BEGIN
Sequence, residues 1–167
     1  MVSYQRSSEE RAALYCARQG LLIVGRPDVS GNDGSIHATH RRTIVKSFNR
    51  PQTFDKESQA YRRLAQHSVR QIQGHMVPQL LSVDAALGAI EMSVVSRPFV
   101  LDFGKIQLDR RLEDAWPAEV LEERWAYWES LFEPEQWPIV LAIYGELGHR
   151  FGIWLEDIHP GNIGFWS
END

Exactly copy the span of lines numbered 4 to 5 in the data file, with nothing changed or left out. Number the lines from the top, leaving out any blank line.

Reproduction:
   101  LDFGKIQLDR RLEDAWPAEV LEERWAYWES LFEPEQWPIV LAIYGELGHR
   151  FGIWLEDIHP GNIGFWS